1.10.3 Inflation
Inflation is defined simply as ‘rising prices’ and shows the cost of living in general terms. The effects of inflation If the rate of inflation is low, then the effects may be beneficial to an economy. Businessmen are encouraged by fairly stable prices and the prospect of higher profits. However, there is some argument about whether getting inflation below 3 per cent to, say, zero, is worth the economic pain (of, say, higher unemployment). There is agreement, though, that inflation above 5 per cent is harmful – worse still if it is accelerating. The main arguments are that such inflation:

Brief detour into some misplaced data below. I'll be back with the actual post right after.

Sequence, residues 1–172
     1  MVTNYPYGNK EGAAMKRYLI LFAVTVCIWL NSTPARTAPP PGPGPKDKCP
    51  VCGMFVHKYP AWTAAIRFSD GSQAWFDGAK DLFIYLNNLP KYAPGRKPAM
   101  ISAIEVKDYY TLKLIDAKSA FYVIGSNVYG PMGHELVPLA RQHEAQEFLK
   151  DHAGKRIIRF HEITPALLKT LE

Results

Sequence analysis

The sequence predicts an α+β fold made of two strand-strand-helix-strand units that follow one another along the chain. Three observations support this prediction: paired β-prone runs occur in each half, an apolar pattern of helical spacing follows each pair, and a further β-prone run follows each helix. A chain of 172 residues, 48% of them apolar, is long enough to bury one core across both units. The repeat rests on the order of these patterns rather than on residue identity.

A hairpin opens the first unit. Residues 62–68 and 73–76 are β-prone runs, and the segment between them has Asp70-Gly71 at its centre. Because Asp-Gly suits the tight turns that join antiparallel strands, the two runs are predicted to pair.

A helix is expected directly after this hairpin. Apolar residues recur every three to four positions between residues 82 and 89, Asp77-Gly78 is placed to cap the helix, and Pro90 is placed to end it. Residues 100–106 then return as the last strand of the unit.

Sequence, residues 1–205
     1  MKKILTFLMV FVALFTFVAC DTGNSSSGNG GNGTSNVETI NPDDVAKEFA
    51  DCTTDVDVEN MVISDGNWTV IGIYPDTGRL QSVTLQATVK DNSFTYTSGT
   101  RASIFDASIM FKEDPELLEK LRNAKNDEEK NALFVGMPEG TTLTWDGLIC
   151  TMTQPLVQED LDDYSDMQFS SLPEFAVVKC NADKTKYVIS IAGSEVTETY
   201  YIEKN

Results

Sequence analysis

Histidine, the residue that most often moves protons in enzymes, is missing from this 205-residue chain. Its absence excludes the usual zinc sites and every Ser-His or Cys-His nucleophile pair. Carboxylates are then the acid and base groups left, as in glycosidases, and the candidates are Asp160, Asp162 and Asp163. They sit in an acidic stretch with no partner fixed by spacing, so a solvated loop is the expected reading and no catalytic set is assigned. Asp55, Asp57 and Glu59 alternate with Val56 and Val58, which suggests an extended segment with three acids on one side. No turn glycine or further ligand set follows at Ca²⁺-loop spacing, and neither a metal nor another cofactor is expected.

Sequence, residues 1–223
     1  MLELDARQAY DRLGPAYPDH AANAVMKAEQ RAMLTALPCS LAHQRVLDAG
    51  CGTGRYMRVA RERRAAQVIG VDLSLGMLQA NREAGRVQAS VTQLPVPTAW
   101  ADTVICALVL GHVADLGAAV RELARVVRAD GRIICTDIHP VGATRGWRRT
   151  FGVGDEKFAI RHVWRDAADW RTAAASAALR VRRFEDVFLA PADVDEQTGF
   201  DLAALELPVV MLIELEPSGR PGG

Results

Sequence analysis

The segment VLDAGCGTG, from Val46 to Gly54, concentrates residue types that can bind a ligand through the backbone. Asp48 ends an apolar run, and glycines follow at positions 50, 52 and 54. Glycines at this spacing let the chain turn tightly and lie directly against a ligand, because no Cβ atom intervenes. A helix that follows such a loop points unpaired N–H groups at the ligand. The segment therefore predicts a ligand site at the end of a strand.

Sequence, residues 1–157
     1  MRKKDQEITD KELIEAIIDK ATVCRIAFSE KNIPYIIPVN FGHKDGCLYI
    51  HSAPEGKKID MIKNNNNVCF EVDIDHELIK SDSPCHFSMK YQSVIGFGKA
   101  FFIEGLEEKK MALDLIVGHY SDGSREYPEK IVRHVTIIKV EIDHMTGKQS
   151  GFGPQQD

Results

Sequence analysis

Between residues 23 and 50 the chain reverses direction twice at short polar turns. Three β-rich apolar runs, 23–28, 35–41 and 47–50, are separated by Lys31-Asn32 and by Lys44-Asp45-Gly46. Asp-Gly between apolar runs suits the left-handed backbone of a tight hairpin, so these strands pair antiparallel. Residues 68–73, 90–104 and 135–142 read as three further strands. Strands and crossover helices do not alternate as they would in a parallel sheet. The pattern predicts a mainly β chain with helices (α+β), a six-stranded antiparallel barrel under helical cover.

distorts consumer behaviour – people may bring forward purchases because they fear higher prices later. This can cause hoarding and so destabilise markets, creating unnecessary shortages. redistributes income – people on fixed incomes or those lacking bargaining power will become relatively worse off, as their purchasing power falls. This is unfair. affects wage bargainers – trades unionists on behalf of labour may submit higher claims at times of high inflation, particularly if previously they had underestimated the future rise in prices. If employers accept such claims this may precipitate a wage–price spiral which exacerbates the inflation problem. undermines business confidence – wide fluctuations in the inflation rate make it difficult for entrepreneurs to predict the economic future and accurately calculate prices and investment returns. This uncertainty handicaps planning and production. weakens Britain’s competitive position – if Britain’s inflation exceeds her competitors’, then it makes exports less attractive (assuming unchanged exchange rates) and imports more competitive. This could mean fewer sales of British goods at home and abroad and thus a bigger trade deficit. For example, the decline of Britain’s manufacturing industry can be partly attributed to the growth of cheap imports when they were experiencing high inflation in the period 1978-83. redistributes wealth – if the rate of interest is below the rate of inflation, then borrowers are gaining at the expense of lenders. The real value of savings is being eroded. This wealth is being redistributed from savers to borrowers and from creditors to debtors. As the government is the largest borrower, via the national debt, it gains most during inflationary times.